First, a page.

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Research

 

Although German physician Nikolaus Friedreich first recognized Friedreich’s ataxia in 1863, it was not until 1996 that two scientific teams discovered the underlying cause of the disease: a mutation in the gene for frataxin protein.

As scientists learn more and more about Friedreich’s ataxia, they are able to direct their research efforts to creating treatments that show the greatest possible potential for treating Friedreich’s ataxia. Research into FA is occurring throughout the world. Many New Zealanders with FA have participated in the Friedreich Ataxia Clinical Research Program led by Professor Martin Delatycki at the Murdoch Children’s Research Institute and the Friedreich Ataxia Clinic at Monash Medical Centre in Melbourne.

Studies include evaluation and analysis of neurological and functional MRI measures, cardiac function, gait, speech, vision and ocular motility, hearing acuity, quality of life and sexual function in individuals with Friedreich ataxia.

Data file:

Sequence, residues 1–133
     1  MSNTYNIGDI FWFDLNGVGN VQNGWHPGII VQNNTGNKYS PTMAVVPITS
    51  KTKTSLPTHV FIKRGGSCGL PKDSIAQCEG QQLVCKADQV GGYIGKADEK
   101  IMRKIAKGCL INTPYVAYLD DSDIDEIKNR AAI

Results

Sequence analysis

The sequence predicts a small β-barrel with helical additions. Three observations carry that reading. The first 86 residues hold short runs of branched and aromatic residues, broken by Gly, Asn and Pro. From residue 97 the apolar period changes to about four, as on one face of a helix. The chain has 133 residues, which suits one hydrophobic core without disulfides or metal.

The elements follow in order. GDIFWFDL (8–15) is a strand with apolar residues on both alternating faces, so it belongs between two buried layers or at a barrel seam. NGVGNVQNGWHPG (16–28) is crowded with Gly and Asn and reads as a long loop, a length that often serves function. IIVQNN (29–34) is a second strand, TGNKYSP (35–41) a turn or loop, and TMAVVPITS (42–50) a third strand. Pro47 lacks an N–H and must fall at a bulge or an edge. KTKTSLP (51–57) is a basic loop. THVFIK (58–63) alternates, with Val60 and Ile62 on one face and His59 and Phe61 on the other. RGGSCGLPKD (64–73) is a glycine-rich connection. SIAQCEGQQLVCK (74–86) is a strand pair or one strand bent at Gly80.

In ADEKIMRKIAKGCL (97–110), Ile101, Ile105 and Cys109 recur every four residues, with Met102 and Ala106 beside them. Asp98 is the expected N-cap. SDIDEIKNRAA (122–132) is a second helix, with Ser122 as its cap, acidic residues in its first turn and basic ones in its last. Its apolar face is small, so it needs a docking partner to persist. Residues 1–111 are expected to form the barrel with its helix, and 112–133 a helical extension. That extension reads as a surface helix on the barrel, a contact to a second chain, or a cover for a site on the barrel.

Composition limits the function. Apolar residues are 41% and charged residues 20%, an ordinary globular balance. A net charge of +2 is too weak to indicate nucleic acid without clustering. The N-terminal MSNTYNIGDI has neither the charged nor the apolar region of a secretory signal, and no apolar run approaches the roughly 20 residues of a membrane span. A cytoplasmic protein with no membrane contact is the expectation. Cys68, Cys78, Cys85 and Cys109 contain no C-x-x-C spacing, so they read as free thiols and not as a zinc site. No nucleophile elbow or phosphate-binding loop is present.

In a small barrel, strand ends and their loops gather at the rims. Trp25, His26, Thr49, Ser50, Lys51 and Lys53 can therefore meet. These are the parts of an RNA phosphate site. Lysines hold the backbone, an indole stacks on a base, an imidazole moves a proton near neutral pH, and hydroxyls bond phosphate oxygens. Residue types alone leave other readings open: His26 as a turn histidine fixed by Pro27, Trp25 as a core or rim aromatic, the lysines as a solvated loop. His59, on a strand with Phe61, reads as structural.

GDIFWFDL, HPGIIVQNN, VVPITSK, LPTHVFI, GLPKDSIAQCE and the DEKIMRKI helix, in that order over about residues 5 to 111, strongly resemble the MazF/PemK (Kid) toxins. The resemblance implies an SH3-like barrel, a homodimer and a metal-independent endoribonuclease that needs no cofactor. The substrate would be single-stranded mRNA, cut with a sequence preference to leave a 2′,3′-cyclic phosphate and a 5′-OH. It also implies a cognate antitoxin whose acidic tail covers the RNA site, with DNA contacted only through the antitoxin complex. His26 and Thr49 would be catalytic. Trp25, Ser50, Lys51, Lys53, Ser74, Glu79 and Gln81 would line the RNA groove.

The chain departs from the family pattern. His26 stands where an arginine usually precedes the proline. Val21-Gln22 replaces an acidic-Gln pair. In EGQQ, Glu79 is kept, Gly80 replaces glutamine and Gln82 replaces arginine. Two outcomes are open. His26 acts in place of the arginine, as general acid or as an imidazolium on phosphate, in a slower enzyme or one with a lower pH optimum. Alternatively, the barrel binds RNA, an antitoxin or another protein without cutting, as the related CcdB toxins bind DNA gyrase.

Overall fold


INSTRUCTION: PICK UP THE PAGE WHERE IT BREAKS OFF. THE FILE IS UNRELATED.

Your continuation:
This comprehensive clinical research program is one of the sites of the Collaborative Clinical Research Network in Friedreich’s Ataxia (CCRN in FA), which is an international network of clinical research groups working together to advance treatments and clinical care. The network collaborates with pharmaceutical companies, government agencies, other research groups and the patient community to facilitate clinical research and trials needed to identify new therapies.

(source http://www.fara.org.au/fara-funded-research)

Nikolaus Friedreich

Nikolaus Friedreich


Partnership with Australia

Due to the small population of New Zealand faraNZ works closely with our larger Australian cousins, fara. The Australian organization helps faraNZ with our research goals and opportunities, and the way we operate for New Zealanders with FA.


Research Pipeline

The Friedreich’s Ataxia Treatment Pipeline is a visual tool for communicating the progress of research and development on lead therapeutic candidates.



Global Patient Registry

This registry currently holds the demographic and clinical information on more than 3,400 Friedreich’s ataxia patients from across the United States and internationally. This registry was created to serve the patient, physician, and research communities.


Scientific News

The latest news on Friedreich’s Ataxia compiled by FARA